Wildlife Waste Is Major Water Polluter, Studies Say
Friday, September 29, 2006
Does a bear leave its waste in the woods?
Of course. So do geese, deer, muskrats, raccoons and other wild animals. And now, such states as Virginia and Maryland have determined that this plays a significant role in water pollution.
Scientists have run high-tech tests on harmful bacteria in local rivers and streams and found that many of the germs -- and in the Potomac and Anacostia rivers, a majority of them-- come from wildlife dung. The strange proposition that nature is apparently polluting itself has created a serious conundrum for government officials charged with cleaning up the rivers.
Part of the problem lies with the unnaturally high populations of deer, geese and raccoons living in modern suburbs and depositing their waste there. But officials say it would be nearly impossible, and wildly unpopular, to kill or relocate enough animals to make a dent in even that segment of the pollution.
That leaves scientists and environmentalists struggling with a more fundamental question: How clean should we expect nature to be? In certain cases, they say, the water standards themselves might be flawed, if they appear to forbid something as natural as wild animals leaving their dung in the woods.
"You need to go back and say, 'Maybe the standards aren't exactly right' if wildlife are causing the problem," said Thomas Henry, an Environmental Protection Agency official who works on water pollution in the mid-Atlantic.
The story of how wild animals -- which usually are considered the victims in environmental dramas -- came to be cast as villains begins with the EPA's limits on bacteria levels in streams. Bacteria such as E. coli and other fecal coliform, which are found in both human and animal waste, can cause sickness on their own, and they can serve as a warning that other, even nastier pathogens might also be present.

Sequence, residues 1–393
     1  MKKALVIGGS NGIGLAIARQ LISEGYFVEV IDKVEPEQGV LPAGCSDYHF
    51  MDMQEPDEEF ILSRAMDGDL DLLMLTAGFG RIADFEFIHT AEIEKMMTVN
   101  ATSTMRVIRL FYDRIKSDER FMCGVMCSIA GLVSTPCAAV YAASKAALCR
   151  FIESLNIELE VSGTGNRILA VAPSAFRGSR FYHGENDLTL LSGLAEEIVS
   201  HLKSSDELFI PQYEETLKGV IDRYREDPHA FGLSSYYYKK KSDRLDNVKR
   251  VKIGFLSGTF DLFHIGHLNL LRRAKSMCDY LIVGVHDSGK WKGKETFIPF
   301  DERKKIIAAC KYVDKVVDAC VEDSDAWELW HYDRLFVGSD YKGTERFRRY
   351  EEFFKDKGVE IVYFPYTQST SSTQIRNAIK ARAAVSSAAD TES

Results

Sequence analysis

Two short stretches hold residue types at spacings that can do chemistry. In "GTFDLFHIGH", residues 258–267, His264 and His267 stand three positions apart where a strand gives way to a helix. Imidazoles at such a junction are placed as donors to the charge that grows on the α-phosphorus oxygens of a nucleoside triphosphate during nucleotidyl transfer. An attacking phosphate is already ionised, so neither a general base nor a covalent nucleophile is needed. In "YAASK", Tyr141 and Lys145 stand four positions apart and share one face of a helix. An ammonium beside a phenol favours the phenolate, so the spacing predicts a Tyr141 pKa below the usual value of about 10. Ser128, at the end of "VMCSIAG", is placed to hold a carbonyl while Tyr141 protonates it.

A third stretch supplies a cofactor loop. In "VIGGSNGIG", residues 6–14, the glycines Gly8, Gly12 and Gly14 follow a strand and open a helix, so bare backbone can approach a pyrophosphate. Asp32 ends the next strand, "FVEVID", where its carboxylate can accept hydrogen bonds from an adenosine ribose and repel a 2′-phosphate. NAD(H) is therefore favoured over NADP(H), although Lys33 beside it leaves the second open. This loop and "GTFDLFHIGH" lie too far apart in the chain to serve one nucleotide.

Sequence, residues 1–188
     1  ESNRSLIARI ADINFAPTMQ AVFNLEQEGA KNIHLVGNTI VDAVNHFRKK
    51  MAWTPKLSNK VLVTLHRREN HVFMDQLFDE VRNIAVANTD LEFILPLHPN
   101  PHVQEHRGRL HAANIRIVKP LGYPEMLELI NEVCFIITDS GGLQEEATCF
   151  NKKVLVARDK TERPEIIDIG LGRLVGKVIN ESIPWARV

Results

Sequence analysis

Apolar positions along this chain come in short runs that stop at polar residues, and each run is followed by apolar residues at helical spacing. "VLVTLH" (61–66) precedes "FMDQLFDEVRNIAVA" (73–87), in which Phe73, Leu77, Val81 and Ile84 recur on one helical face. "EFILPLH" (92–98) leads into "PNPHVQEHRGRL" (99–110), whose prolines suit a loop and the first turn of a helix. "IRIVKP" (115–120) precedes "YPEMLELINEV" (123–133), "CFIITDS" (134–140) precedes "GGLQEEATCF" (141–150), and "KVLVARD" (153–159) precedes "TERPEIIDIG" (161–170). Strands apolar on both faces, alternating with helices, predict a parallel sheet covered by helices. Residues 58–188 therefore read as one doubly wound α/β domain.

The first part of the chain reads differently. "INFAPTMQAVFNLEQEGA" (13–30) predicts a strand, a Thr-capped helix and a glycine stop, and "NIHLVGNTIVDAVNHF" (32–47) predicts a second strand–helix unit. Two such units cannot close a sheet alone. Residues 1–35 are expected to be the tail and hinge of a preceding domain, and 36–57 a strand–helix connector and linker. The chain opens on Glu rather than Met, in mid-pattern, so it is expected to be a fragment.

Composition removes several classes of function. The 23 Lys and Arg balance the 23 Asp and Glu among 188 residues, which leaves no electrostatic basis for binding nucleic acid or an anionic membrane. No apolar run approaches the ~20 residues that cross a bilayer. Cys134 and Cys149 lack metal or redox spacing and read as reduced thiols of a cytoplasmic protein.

In the Washington area, violations of the bacteria standards have put more than two dozen streams, including the Potomac and Anacostia rivers, on the federal "impaired waters" list. That means they do not meet the ideal conditions for swimming and need cleaning up.
So who -- or what -- is responsible for the contamination? The answer has become much clearer in the past five or so years, because of high-tech tests sponsored by states that pinpoint from which animal a particular sample of bacteria came.
In this area, some of what these surveys have found is not surprising. One recent study by a Virginia Tech team found that humans are responsible for 24 percent of the bacteria in the Anacostia and 16 percent of the Potomac's, whether the source is a broken septic tank or the District's large sewage overflows during heavy rains. Livestock were also a major problem around the area -- responsible for 10 percent of the Potomac's bacteria, for instance -- because their manure washes out of pastures and the farm fields where it is spread as fertilizer.
Then there are nature's own polluters.
In the Potomac and the Anacostia, for instance, more than half of the bacteria in the streams came from wild creatures. EPA documents show that similar problems were found in Maryland, where wildlife were more of a problem than humans and livestock combined in the Magothy River, and in Northern Virginia tributaries such as Accotink Creek, where geese were responsible for 24 percent of bacteria, as opposed to 20 percent attributable to people.